Recap: Tim and I each donated an original framed piece of art for the Forestry Education Auction held at the Lumberjack Dinner, 2016 Sierra Cascade Logging Conference.https://sneakingbliss.com/2016/02/10/ready-to-rumble-bliss/
Going head to head. What married couple doesn’t thrive on a little friendly competition?
The auctioneer explained that bidders would bid, not knowing which piece other bidders were bidding on. The winner would have the option of buying both, each at the high bid price. If both weren’t taken, the second place bidder had the option of the “left-over” piece. If not taken then, the “left-over” would go back out on live auction.
The auctioneer brought us both to the front of the audience with our pieces and asked me to say something about my piece, but before I could answer, Tim said his piece was “…for the children.”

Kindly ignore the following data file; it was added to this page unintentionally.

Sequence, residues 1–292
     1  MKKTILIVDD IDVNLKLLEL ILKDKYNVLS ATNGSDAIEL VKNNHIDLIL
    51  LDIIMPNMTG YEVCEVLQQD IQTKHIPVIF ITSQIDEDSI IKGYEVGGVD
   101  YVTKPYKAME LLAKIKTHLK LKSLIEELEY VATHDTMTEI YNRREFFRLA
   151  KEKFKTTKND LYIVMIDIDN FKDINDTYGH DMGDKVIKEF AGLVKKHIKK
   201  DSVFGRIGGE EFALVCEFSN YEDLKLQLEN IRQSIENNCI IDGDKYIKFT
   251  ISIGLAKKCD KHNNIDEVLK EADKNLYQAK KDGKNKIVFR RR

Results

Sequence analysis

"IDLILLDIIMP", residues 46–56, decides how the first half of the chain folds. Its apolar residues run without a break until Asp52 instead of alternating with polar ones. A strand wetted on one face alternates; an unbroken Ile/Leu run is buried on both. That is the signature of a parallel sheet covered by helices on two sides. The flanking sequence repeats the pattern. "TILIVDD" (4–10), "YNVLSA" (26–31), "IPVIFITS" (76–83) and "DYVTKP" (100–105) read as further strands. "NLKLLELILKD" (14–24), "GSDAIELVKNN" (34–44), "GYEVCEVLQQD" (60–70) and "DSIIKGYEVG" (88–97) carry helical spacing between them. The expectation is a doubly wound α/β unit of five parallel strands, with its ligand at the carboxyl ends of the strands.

How do I top that? “For the children.” Really, Tim?
With that introduction, the bidding started and rapidly climbed over $2,000. This was pretty exciting. Since Tim began donating art to this auction, his pieces typically sell for $700 to $960. Clearly we were in new territory.
Soon the bidding narrowed down to two competitors, head to head.
The auctioneer sat Tim at one bidder table, me at the other. I knew the guy bidding at my table and taunted him to bid more, for the children of course.
Up the price went
SOLD for $2,700!
Then the moment of truth was revealed.
“Uncle Sam” mixed media by Tim Livingston rocked the competition, scoring $2,700 for Forestry Education.
Tim’s “Uncle Sam” was the winning art. Both top bidders wanted Tim’s piece so, my “left-over” went back on the block for bidding.
“Food Chain” watercolor by Mary A Livingston sold for $1,200 to support Forestry Education. Not bad for “left-overs.”
Hmph. Apparently, I need to step up my game.
Tim soundly kicked my behind.
All in all, we’re pretty stoked that between both pieces of art at the live auction, and the autographed books at the silent auction our contributions brought in over $4,000 to Forestry Education.